Tombstone Art in Elkhart County, Indiana

Osceola Cemetery, Elkhart County, Indiana

Tombstone Art in Elkhart County, Indiana
hoosierbeth | October 10, 2010 at 12:48 am | Categories: Uncategorized | URL: http://wp.me/p15r5r-R

 
I have decided to write about the stone cutters and stone artists that created the tombstones in Elkhart County. I have several pictures of the artwork from several cemeteries around Elkhart County that I will be posting.  I haven’t been able to find any names of the artists. I decided to use Google search engine to try to find my answer. Using many phrases, nothing came up for an answer.  I then decided that the names of the stone artists’ were in the city directories that are at the public library. I was partly correct. Using the earliest directories, I found three marble dealers who specialized in monuments and heads stones, and many men listed as stone cutters and stone masons.
Here are the results of my research for headstone dealers and stone cutters:

“1874 Directory of Elkhart And Goshen  Compiled And Published by Silas W. Treesh of Fort Wayne & Cyrus Seiler of Elkhart, Indiana, J.F. Funk & Bro., 157 Main Street Elkhart”

Goshen, Indiana:
Name                           Occupation                  Address
John B. Slaughter        Marble Works            Market St.
John W. Gilmore (agent) Marble Works         8th St. between Market and Washington
James Grant                stone cutter brick mason no address
George Liephart          stone mason                6th St. between Purl and Madison
Patrick Malouney        stone mason                9th between Jefferson and Market
James McGruffin        stone mason                Main St. between Madison and Jefferson
Victor Myers               stone mason                6th St. and Monroe
Jacob Niederauer        stone mason                7th St. and Washington
E.J. Orme                    stone cutter                 3rd St and Pike
David Reese                stone mason                7th St between Washington and Jefferson
William Smith             stone mason                5th St between Monroe and Purl
Charley Tauger            stone cutter                 7th St between Washington and Jefferson
E.L. Billings                stone cutter                 7th and Market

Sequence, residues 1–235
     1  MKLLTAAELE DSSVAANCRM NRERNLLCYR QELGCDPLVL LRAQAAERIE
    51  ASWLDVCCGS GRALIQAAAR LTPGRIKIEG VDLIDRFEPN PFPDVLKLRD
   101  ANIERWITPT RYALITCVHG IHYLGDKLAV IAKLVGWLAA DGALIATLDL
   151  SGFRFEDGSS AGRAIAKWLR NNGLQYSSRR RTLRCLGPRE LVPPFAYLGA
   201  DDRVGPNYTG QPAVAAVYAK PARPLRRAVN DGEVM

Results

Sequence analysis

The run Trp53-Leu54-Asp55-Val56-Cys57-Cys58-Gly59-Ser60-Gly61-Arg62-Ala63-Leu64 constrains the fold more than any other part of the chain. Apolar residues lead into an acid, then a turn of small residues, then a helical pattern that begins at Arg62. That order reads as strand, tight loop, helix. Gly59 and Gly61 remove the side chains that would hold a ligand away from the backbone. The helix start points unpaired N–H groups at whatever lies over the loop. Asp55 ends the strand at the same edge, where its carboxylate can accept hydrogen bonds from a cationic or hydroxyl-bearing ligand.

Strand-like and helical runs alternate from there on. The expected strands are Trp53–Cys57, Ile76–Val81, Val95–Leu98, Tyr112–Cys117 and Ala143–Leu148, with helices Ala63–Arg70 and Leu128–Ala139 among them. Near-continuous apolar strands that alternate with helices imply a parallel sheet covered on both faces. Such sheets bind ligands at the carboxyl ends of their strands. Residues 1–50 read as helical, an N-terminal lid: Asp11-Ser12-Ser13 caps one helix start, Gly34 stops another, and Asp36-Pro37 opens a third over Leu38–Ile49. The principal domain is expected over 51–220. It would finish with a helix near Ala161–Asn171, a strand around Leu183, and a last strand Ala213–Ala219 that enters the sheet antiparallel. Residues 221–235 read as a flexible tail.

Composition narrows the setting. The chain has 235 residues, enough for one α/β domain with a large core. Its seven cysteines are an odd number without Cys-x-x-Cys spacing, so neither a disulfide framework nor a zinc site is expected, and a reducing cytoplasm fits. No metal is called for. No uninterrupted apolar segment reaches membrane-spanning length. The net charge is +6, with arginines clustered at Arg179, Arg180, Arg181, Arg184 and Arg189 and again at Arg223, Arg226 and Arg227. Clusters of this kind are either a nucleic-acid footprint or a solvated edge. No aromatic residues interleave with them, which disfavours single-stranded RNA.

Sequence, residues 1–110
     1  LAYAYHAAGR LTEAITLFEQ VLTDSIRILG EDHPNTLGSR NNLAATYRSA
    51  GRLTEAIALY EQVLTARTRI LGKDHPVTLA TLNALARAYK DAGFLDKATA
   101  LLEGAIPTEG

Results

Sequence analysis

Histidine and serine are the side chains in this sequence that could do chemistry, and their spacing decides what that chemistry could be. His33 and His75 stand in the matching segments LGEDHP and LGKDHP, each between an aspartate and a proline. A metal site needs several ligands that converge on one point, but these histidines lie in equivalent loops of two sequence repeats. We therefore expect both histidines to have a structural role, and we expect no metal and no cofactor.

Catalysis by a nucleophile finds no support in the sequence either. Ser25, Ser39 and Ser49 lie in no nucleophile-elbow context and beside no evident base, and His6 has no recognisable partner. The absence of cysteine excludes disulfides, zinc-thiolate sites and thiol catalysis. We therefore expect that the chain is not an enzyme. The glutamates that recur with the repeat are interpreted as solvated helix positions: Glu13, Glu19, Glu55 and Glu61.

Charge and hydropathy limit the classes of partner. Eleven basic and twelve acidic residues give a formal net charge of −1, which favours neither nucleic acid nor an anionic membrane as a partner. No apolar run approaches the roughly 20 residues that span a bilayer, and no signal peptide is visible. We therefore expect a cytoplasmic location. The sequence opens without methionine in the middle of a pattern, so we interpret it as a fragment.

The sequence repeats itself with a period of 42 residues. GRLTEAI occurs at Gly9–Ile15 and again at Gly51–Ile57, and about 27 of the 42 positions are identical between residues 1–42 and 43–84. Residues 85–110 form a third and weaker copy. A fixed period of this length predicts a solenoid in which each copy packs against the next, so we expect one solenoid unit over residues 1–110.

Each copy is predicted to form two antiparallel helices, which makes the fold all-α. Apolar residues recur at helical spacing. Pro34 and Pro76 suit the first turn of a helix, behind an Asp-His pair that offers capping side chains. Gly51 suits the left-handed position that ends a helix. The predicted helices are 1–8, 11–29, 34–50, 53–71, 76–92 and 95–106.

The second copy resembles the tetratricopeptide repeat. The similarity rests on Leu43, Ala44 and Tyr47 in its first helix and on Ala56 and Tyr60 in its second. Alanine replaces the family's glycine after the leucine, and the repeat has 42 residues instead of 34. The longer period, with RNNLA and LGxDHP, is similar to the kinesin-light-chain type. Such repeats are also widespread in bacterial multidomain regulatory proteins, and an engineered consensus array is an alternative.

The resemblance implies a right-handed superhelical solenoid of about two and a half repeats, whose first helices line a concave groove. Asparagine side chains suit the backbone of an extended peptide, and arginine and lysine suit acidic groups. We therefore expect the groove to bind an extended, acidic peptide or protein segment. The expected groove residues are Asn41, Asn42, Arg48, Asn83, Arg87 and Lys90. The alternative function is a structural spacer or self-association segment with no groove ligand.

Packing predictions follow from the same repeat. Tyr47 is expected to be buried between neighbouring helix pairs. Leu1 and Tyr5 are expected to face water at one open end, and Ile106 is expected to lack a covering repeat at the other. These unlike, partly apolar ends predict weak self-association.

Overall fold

Elkhart, Indiana:
Avery Brown              stone cutter                 South 3rd Street
John Carr                     stone mason                Lincoln St
C.M. Driver                 stone cutter                 no address
D.M. Doty                  marble and stone cutter           21 Jackson Blvd
N.P. Doty        `           marble and stone cutter           21 Jackson Blvd.

 Published in the 1860 Loomis And Tallbott’s Directory, Moses Pettingrill was a dealer in Vermont and Italian marble along with monuments, headstones, tablets, and mantel pieces. Moses was living and doing business in Niles, Michigan. The town is not that far from Elkhart and Goshen.

The monument dealer in Elkhart listed in the 1874 directory was N.A. Tibbetts who owned the Granite Works; 124-126 West Jackson Blvd. The Doty family also owned a marble and stone business. Goshen’s marble dealers were John Gilmore and John Slaughter. With this information, I hope to track down who cut the art in the stones in the county.

I found other interesting entries for funeral homes, a florist, and other occupations that kept the towns prospering. The undertakers in Elkhart during the early years were B.F. &A. Stephens on 119 Main Street. Charles Walley had a funeral home on 152 Main Street. The undertakers in Goshen were the Hattle Bros. on Main Street. Jacob Levi’s job description in the directory listed him as “worker in graveyard”. Mrs. E.M. Bullock 812 Marion St, Elkhart was a florist that specialized in “first class funeral work on shortest possible notice”.

The two occupations that caught my fancy included M.A. Bierce listing his occupation as being a “citizen”. The telegraph operator was George B. Hayes who worked for the M.S. &N.I.R.R. Mr. Hayes has open space around his entry in the directory.  The authors wanted to make sure he stood out since telegrams were very important during that time.

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About hoosierbeth

I have been researching my ancestors, your ancestors and everybody else's since 1981.
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